Skip to main content
Advertising

Originally published Monday, March 17, 2014 at 8:17 PM

  • Share:
           
  • Comments (10)
  • Print

3 Times journalists win first-place awards in national contest

Three Seattle Times journalists have won first-place awards in the national Scripps Howard contest.


Most Popular Comments
Hide / Show comments
Congratulations all !! well deserved. :-) MORE
Great job, writers and photographers! MORE
The right wing sure has been brainwashed to believe that "their" media is the... MORE

advertising

Three Seattle Times journalists won first-place awards Monday in the national Scripps Howard contest.

Reporter Craig Welch and photographer Steve Ringman won the Edward J. Meeman Award for Environmental Reporting for their series of stories examining the impact of ocean acidification around the Pacific Ocean. The series, called “Sea Change,’’ explained how the lesser-known twin of climate change could affect everything from the food we eat to the Northwest’s economy to the future viability of sea life.

Seattle Times metro columnist Danny Westneat won first place in the commentary category for a selection of his twice-weekly columns, which take thoughtful and often provocative looks at life in the Seattle region.

Times photographer Erika Schultz also was named a finalist in the photojournalism category.

In selecting “Sea Change” for the environmental award, the judges said: “The Seattle Times’ investigation on the impact of (ocean acidification) uncovered threats to the future of the planet in ways that are not obvious because many of them are taking place deep within the ocean.

“Using videos, graphics, beautiful layouts, clear writing and compelling reporting, the series made plain what will happen on a broader scale if mankind does not act to avert the worst,’’ the judges said. “The combination of a variety of media showed that global warming will have an impact on everything from a child’s fish stick dinner to the beauty of the ocean we love. This is an important series that will have an impact on all who view or read it, whether they are ordinary citizens or policy makers.”

The judges in the Commentary category said, “With a calm bravery, Danny Westneat tells America’s story through a Seattle lens. Whether he is writing about Boeing’s corporate welfare or the beating death of a 54-year-old day laborer, Westneat’s columns examine with honesty and understatement how economic realities undermine the American dream. He is not about potshots; he invites discourse without inviting vitriol.”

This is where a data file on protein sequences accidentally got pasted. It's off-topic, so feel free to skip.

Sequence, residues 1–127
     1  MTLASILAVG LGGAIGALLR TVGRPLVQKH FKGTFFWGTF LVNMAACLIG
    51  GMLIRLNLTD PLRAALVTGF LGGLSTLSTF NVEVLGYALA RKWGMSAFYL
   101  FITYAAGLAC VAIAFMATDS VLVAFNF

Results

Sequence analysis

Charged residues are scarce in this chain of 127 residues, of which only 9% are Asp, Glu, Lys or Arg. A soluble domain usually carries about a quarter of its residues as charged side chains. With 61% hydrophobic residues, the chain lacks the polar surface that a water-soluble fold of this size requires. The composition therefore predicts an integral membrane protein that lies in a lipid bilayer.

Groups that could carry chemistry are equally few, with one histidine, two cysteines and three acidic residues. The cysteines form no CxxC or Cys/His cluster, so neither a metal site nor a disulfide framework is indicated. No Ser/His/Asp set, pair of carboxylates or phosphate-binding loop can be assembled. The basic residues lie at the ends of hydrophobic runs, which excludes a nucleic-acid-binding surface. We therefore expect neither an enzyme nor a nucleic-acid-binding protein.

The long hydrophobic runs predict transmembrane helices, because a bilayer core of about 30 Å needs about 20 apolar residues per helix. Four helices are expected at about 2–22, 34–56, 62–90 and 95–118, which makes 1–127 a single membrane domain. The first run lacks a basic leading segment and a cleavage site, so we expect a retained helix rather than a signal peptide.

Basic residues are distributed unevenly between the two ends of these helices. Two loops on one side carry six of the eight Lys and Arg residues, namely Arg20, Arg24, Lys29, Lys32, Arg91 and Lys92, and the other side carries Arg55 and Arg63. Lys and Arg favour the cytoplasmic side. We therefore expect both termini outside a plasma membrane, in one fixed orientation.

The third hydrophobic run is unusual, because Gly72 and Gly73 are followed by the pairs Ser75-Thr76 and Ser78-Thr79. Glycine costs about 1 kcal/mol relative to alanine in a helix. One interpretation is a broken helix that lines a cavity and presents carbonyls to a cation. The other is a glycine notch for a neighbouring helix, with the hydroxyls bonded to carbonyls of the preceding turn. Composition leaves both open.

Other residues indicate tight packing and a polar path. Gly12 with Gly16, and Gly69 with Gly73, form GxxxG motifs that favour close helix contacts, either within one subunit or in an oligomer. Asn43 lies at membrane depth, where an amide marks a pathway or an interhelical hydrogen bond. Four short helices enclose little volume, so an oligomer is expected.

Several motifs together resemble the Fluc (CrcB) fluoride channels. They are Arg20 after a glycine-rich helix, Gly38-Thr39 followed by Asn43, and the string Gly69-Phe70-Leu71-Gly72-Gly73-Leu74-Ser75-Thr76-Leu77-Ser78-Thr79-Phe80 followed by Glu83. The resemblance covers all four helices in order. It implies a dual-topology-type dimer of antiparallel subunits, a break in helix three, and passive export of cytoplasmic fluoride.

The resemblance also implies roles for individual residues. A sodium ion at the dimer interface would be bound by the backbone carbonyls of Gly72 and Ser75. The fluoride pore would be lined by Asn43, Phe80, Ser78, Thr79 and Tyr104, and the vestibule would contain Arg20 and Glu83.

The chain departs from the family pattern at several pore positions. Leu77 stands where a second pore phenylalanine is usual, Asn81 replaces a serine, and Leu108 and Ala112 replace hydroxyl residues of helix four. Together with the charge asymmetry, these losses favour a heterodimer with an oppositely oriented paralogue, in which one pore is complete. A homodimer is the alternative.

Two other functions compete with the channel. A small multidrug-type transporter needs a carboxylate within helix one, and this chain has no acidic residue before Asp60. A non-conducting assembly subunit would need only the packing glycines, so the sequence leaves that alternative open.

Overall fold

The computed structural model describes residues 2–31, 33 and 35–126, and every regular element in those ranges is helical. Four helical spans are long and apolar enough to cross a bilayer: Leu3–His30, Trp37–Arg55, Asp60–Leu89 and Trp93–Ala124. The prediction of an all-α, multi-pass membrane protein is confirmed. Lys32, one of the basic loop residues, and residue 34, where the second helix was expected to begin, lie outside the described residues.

Schultz was named a finalist for a selection of her photojournalism, including a picture of the annual Saint Abune Aregawi celebration outside Emmanuel Ethiopian Orthodox Tewahedo Church on Seattle’s Beacon Hill and photographs that illustrated the ethnic diversity of Tukwila.

Kathy Best, editor of The Times, said the newsroom was thrilled by the national recognition.

“But what makes this particularly gratifying,’’ Best noted, “is the fact that all of the winning work exhibited our newsroom’s ability to accurately and powerfully reflect issues of importance to the Pacific Northwest.’’

The Scripps Howard national awards contest began in 1953. Each winner receives a $10,000 prize. The competition is open to news organizations based in the U.S. and recognizes outstanding print, broadcast and online journalism in 15 categories. Two additional categories honor college journalism and mass-communication educators for excellence in administration and teaching.

The winners this year will receive a total of $180,000 and trophies. The prizes will be awarded in May in Cincinnati, home to the foundation and its corporate founder, the E.W. Scripps Co.



Want unlimited access to seattletimes.com? Subscribe now!

News where, when and how you want it

Email Icon

Hurry! Last two weeks to save 15%.

Hurry! Last two weeks to save 15%.

Reserve your copy of "The Seattle Sketcher," the long-awaited book by staff artist Gabriel Campanario, for the special price of just $29.95.

Advertising

Partner Video

Advertising


Advertising
The Seattle Times

The door is closed, but it's not locked.

Take a minute to subscribe and continue to enjoy The Seattle Times for as little as 99 cents a week.

Subscription options ►

Already a subscriber?

We've got good news for you. Unlimited seattletimes.com content access is included with most subscriptions.

Subscriber login ►